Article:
One of the trickiest questions that new students in the tech sector are faced with is the difference between computer science and software engineering. The two terms sound similar enough that you would be forgiven for thinking they were relative synonyms. That said, while there is certainly overlap between the two fields, they are distinct with their own focuses and pathways.
Here is a quick look at the similarities and differences between computer science and software engineering.
Similarities Between the Two
Let’s start with a few basic similarities between the two fields. Both computer science and software engineering focus on several key shared aspects, including programming languages, general knowledge of computers, computer software, and applications. Strong analytical, technical, and mathematical skills are necessary for both fields.
Differences Between the Two
On The Big Bang Theory, Sheldon draws a distinction between himself as a theoretical physicist and Leonard as an applied experimental physicist. In Sheldon’s view, Leonard’s work consists of applied, hands-on work, to which Sheldon’s work as a theoretical thinker is supposedly “superior.”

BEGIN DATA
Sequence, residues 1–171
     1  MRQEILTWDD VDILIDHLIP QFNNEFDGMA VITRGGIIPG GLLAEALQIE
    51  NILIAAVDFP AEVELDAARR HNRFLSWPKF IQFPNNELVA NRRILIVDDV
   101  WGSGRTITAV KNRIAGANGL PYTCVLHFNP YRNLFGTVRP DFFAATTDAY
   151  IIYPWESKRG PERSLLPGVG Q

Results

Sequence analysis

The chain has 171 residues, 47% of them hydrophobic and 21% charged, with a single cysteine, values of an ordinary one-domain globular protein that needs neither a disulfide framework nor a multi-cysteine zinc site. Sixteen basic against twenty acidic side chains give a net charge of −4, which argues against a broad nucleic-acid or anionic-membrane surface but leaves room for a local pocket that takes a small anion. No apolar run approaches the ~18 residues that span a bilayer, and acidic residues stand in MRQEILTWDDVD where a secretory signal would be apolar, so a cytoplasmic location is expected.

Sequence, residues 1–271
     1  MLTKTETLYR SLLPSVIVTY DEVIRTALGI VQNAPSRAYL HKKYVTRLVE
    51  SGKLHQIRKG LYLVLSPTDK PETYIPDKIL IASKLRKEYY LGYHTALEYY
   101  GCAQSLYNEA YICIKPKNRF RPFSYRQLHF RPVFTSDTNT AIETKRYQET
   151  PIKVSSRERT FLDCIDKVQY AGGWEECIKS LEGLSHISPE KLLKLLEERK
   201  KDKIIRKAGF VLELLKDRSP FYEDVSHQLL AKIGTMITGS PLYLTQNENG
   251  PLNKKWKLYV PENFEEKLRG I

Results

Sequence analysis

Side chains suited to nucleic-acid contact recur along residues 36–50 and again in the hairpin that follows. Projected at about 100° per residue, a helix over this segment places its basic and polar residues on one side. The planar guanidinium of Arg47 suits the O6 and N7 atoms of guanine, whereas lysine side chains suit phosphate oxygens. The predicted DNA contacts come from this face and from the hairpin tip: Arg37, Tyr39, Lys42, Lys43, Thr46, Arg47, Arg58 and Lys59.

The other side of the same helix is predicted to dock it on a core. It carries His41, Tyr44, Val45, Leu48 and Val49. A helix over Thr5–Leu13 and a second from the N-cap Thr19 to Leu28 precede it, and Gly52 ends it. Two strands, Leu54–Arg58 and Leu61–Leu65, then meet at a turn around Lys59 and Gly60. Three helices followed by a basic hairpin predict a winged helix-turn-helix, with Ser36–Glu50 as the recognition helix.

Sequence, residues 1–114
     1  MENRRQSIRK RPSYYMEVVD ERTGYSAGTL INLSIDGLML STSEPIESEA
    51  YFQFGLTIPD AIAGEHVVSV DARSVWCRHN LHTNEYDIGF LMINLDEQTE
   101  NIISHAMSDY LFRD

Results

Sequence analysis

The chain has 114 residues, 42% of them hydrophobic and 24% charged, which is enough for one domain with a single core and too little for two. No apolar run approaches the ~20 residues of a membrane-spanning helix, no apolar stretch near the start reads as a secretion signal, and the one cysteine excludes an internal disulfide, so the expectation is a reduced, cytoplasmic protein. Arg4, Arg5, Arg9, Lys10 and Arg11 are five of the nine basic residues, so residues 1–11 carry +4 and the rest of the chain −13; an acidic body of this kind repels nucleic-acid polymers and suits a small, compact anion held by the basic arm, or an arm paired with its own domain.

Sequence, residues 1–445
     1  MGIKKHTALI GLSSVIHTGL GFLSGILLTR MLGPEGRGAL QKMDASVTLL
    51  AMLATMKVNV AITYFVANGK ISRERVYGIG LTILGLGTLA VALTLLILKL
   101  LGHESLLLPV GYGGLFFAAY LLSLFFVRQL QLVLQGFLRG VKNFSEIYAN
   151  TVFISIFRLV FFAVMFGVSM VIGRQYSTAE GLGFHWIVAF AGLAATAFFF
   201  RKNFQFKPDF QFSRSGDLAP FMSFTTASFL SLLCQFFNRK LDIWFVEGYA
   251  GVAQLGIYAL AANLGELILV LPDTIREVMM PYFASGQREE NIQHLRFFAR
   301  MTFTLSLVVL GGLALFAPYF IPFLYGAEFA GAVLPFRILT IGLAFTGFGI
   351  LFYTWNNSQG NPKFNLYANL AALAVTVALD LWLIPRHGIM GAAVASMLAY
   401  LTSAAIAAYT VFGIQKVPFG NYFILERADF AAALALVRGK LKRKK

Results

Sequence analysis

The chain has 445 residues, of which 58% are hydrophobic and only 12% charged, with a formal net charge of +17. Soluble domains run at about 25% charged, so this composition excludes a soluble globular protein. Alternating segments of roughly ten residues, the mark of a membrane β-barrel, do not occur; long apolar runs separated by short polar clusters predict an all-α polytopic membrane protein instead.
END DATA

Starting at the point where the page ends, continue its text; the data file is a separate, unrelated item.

While that “superiority” is, of course, a farce and more Sheldonian smugness, the basics of that dichotomy can help us frame the core difference between computer scientists and software engineers.
In general, computer scientists veer more towards the theoretical and experimental aspect implied by the title of “scientist,” while engineers veer more towards the problem-solving and practical side of tech as implied by the term “engineer.”
Take note, however, that this is a huge generalization. Many computer scientists do practical design work on new systems, and many software engineers contribute to breakthroughs that help the theoretical and experimental side of the field progress. What’s more, both computer science, as well as engineering, often fall under the umbrella of the engineering department at universities.
Some supposed differences give way to greater similarities over time. While computer science students study the interplay between hardware and software and software engineering students do not always do so, experience with that interaction often comes anyway due to the nature of software engineering.
While there is no question that the two form distinct occupations, there remains a good deal of overlap between the type of work and the understanding employed by both computer scientists and software engineers.